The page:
Firstly, there is a very interesting article in this week's Church Times (no weblink available unfortunately), by Nick who was in the programme The Monastery and is now training for ordination. His basic point is that religion is not therapy and to confuse the two does a disservice to both. Religion is always focussed on the other - God primarily, and our neighbours (and is essentially corporate in nature)- whilst therapy is focussed on the self (and is essentially individualistic in nature). He felt that to a certain extent The Convent has allowed a blurring between the two. I think it's definitely true to say that the show did very much talk in terms of MY path, MY journey etc. etc. So Nick's point is that in a consumer culture, religion is now viewed as one more lifestyle option and is essentially about a personal 'detox for the soul' (which is how the show was advertised actually). What do other people think about this?
Secondly, I have been thinking about the monastic life in terms of form and content. Regular readers of this blog will know that the monastic tradition plays a very important part in the life of our community. Last Easter 8 of us made vows and committed to live by a Rule. The deeper I get into this whole thing the more I realise the power of these rhythms to change us individually and corporately.
The 4 women who entered the Convent were certainly shaped by the pattern of the communal life - the regular times of prayer etc. But the content did seem to be often very dreary. Does that matter? Is it simply the patterns and the rhythms that shape us or does the content within these patterns matter? I guess we're probably all going to say that both are important, but what are the relative values?

RSS Comments

does anyone know a way of creating RSS feeds for comments on Blogger (or other formats for that matter)? It would be great to be able to track conversations happening in comments through my newsreader rather than visiting the different blogs directly.

Tuesday, July 04, 2006

The da Vinci Code - what's the problem?

I realise I may have missed the boat on this one, but allow me to play catch up (as they used to say on cult 80's daytime telly - 'Going for Gold' - ahhh student life..).
The basic premise of the Da Vinci Code plot is that the church has been guilty of covering up a secret that, if discovered, would rock the very foundations of Christianity. And the secret? That Jesus was married and fathered a child.
Now, whilst wanting to make absolutely clear that I don't believe Jesus was married or fathered a child, what exactly would be the theological problem if he had?
I mean, he was fully human - no debate there (any more) - so where is the theological conundrum (another game show reference - sorry!) if he had??
Obviously, if he had and it had been left out of the gospel records then that would throw up interesting questions about the reliability of the scriptures, but leaving that aside for a moment - where exactly is the problem here?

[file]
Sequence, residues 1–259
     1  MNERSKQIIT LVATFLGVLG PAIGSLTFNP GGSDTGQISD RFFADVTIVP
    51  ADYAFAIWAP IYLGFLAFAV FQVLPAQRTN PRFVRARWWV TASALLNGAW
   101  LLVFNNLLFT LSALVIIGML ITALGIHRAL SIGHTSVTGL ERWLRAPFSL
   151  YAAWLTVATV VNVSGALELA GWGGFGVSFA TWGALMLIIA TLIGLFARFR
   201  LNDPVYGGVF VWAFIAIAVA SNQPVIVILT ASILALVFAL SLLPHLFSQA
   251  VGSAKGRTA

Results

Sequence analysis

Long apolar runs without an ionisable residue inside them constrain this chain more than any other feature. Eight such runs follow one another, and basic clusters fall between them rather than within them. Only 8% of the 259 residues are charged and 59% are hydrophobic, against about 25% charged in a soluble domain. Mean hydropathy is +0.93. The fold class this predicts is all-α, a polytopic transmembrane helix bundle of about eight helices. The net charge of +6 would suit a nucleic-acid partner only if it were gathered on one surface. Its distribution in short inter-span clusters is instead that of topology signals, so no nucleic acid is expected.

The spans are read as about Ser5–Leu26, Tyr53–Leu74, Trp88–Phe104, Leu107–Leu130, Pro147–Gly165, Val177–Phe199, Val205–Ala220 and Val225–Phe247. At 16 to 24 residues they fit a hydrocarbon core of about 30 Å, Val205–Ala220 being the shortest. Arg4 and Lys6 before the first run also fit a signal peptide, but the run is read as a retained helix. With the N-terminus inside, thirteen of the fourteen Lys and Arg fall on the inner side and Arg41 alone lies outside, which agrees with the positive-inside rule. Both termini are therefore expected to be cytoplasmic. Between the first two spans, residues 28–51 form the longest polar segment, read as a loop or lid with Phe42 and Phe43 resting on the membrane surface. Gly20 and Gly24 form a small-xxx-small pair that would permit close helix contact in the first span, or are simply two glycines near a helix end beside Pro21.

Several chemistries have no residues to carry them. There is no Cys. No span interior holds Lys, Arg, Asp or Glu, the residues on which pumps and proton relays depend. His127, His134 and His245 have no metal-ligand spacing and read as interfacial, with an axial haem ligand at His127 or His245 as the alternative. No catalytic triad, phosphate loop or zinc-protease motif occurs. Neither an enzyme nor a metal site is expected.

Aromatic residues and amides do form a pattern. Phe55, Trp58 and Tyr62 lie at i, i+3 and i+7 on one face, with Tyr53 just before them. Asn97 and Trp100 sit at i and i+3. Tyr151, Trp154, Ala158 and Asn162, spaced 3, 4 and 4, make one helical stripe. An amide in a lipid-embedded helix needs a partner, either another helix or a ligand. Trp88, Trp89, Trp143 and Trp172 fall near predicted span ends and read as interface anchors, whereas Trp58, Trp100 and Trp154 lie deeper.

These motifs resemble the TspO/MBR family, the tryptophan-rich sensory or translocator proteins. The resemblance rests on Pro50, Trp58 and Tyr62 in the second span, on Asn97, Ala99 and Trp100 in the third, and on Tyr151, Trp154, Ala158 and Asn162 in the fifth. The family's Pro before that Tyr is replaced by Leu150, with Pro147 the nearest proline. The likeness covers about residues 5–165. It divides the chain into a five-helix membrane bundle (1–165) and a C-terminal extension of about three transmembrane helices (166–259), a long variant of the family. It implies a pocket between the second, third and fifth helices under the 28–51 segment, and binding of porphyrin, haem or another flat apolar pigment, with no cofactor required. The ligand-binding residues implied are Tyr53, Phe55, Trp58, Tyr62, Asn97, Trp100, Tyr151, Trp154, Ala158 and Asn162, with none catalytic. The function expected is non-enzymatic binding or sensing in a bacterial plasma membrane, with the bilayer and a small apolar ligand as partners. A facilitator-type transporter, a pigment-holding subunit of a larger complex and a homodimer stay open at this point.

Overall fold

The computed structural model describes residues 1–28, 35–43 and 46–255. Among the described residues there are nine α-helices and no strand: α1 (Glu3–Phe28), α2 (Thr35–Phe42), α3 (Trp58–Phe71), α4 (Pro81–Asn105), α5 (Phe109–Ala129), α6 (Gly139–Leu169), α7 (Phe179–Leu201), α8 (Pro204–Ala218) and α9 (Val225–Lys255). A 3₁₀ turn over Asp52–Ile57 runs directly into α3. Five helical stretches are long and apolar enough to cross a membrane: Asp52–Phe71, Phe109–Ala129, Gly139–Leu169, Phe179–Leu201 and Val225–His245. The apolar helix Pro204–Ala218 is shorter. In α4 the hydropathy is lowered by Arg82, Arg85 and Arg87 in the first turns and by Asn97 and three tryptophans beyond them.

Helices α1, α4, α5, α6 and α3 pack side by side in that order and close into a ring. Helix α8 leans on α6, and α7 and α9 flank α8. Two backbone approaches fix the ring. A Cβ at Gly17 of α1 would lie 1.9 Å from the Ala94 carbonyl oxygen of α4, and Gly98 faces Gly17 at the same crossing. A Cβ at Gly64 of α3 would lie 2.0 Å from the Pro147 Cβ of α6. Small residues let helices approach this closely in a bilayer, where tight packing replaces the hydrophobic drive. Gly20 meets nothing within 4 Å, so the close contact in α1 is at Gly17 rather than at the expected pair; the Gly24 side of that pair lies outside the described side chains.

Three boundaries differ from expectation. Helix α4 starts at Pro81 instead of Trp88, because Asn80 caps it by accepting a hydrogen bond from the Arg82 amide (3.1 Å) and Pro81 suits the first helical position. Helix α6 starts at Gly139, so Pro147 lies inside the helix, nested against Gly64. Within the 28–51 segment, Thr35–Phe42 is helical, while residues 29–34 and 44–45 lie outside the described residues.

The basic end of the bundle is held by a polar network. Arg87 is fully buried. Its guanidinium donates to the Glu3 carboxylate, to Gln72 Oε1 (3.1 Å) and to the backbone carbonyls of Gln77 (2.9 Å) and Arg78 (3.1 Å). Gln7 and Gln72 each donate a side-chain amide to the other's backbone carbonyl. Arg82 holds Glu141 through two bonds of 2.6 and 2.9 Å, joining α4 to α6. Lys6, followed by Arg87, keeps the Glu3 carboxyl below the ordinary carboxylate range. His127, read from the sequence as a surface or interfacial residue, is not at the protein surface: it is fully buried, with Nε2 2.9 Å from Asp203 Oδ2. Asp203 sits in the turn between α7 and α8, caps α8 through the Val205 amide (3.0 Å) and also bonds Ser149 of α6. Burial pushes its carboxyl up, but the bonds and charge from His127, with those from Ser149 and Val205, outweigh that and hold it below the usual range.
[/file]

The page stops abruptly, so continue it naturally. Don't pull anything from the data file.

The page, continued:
Friday, June 30, 2006

people change

So last night at our huddle - whilst talking about many deep and meaningful spiritual things - Nelly Furtado came up in conversation. What is up with that girl? She's gone from "I'm like a bird" to "I'm like a prostitute". The evidence for this (as Chris has pointed out - he's just showing concern for his compatriot) is that her new album is called 'Loose', her last single was called 'Promiscuous' and her current single is called 'Maneater'. Something ain't right in Furtado-land.

Thursday, June 29, 2006


I guess that most people who read this blog will know this already but for the sake of the one or two others it's time to announce to the world that Pippa and I are expecting our first child.
The due-date is, wait for it, ....Christmas Day. Can't believe it. So obviously it will have to be called Yeshua Immanuel Noel as a result. It's a sign. Poor kid. I feel sorry for it already.
Pip and I are now waiting expectantly for the parental feelings to develop.
We will definitely not be getting one of those 'Baby on Board' signs for the car though. "oh, ok - you have a baby on board, I didn't realise...well, I guess I better not crash into you then in that case".

Wednesday, June 28, 2006

does anyone know the name of the film...

I'm sure I've seen a film involving an army unit that hasn't heard that whichever war they're fighting is over and so they are still fighting it. They're out of communication with their base etc. I know it sounds a little like Apocalypse now but it isn't that. Does it ring any bells with anyone? I'm preaching on Sunday morning for a church in town and I'd like to use it as an illustration.

Tuesday, June 27, 2006

summertime vibe

a modern day St Francis

It's been a pleasure to have Travis from Church of the Apostles, Seattle, with us the last couple of days. I met Travis when we visited COTA after Easter. He's currently spending a month on 'placement' with Moot in London. Anyway, he's one of the most pastoral people I've met. We could do with some people like him in hOME.